Forget a smartphone: Your voice is the key to the Internet of Things
Last year we saw everything from connected cameras and thermostats to smart fridges and washing machines. However, to make futuristic, fully connected homes a reality, we’ll need a simple, effortless way to control our tech – and that’s not a smartphone, it’s voice.
By far the most intuitive way to control devices, voice control is already used in everything from cars to smartphones and even game consoles. Simply put, it’s the ultimate way to control our devices. So how do we introduce voice, and turn the Internet of Things from novelty to home of the future? At CES, Alphr spoke to Kenn Harper, vice president of devices and ecosystem at voice-recognition firm Nuance, to find out.
The problem with the IoT
As it stands, the Internet of Things feels like an orchestra without a conductor. While we can control many devices on their own, we can’t get them to work in unison. “There needs to be an interface that makes it really simple for a user to tap into [the] sophistication of what that device can do now that it’s connected,” said Harper.
But that interface isn’t a smartphone. Although phones can be useful for controlling utilities when you’re out, inside the house, they’re an inelegant solution that clutters the user experience. A phone is an additional layer of complication – and when you throw in the need to use specific apps with specific devices, it gets worse.
We think that voice is that perfect interface
Instead, the interface the connected home needs is voice. “We think that voice is that perfect interface,” said Harper. “Not only because it’s natural, but also because a lot of these new IoT form factors don’t necessarily have a screen to interact with.”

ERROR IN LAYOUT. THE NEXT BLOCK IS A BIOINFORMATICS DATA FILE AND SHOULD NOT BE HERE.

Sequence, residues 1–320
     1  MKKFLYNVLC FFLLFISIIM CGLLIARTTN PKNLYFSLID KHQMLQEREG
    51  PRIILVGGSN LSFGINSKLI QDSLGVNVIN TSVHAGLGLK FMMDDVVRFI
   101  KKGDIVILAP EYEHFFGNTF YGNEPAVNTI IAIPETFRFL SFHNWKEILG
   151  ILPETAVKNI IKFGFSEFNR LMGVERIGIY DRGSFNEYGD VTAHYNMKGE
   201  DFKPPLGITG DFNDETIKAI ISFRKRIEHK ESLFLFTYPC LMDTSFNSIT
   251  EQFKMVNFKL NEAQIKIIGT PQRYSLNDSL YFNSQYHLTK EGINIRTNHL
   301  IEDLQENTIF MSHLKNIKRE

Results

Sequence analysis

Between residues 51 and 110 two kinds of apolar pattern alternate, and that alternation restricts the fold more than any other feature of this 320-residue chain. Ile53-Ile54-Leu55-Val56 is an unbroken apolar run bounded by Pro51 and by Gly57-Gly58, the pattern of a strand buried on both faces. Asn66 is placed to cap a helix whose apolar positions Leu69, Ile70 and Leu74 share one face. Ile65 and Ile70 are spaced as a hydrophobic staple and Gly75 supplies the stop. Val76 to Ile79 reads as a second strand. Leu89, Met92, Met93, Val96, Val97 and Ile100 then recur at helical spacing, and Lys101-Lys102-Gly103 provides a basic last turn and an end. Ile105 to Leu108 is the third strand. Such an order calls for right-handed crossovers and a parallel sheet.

That’s the other problem voice solves. The Internet of Things isn’t made up of just microwaves, fridges and washing machines with huge touchscreens – it also extends to things as simple as curtain rails and doorbells. And voice will allow us to treat those with exactly the same commands.
How to bring voice into the connected home
So how we do bring voice control into the home?
Unfortunately, it’s not that simple. By its very nature, the Internet of Things is made up of countless devices with different needs, different operations and different uses. “Each of these devices is unique, so what someone might be doing for a smart refrigerator is very different to what someone is doing on a thermostat,” explained Harper.
Nuance Mix is designed to be a platform for developers to create natural-language interfaces in their own applications. It’s capable of understanding up to 40 languages, and it has 80 distinctive voices, so developers can pick the speech they feel suits their product best. As Harper says, “every IoT [device] is going to use a unique voice interface that’s been tailored and tuned and optimised to support a set of tasks that the developer cares about”.
How far away are we from it happening?
In many ways, voice control is already here. Most smartphones and tablets have Google Now, Siri or Cortana prebaked into their OS, while CarPlay and Android Auto are helping to make voice control more popular in cars. Even more exciting is the possibility of using products such as like Apple TV’s Siri as a hub to control your home.
It will be a while before we see Nuance’s version of voice control in every connected device we own, but with 30,000 developers already signed up to the Nuance’s developer programme, it’s only a matter of time. Until then, we’re stuck with our smartphones.
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